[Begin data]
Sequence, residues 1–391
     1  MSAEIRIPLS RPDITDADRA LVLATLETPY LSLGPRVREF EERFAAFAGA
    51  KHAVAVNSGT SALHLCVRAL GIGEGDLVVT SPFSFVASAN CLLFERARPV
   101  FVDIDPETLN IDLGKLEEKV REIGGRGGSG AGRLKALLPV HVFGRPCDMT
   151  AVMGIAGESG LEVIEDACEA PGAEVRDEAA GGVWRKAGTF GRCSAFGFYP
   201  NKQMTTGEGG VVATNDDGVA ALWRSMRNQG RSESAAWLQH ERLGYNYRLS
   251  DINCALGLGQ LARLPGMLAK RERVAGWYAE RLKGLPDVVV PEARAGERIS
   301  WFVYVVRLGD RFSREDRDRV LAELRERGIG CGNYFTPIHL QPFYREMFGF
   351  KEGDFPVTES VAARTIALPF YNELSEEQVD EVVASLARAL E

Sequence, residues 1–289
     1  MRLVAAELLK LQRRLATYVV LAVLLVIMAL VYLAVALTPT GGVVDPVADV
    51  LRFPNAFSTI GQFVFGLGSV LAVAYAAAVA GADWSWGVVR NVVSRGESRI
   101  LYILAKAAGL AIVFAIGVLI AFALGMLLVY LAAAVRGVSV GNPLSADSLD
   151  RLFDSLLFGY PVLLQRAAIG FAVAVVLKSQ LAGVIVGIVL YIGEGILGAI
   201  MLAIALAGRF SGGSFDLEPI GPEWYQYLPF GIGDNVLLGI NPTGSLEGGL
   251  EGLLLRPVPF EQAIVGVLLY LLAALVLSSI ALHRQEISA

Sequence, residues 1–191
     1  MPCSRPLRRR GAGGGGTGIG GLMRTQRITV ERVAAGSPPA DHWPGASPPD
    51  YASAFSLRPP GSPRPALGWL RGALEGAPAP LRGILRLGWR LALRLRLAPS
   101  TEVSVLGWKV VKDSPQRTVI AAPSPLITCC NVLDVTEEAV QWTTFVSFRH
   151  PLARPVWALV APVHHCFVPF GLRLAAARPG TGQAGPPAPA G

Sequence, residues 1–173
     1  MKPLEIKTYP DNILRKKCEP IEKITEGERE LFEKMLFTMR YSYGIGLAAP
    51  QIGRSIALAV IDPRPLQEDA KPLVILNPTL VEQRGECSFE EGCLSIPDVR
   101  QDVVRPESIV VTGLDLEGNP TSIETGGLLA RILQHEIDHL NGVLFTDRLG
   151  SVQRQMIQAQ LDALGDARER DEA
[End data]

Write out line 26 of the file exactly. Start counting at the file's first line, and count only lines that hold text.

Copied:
   151  SVQRQMIQAQ LDALGDARER DEA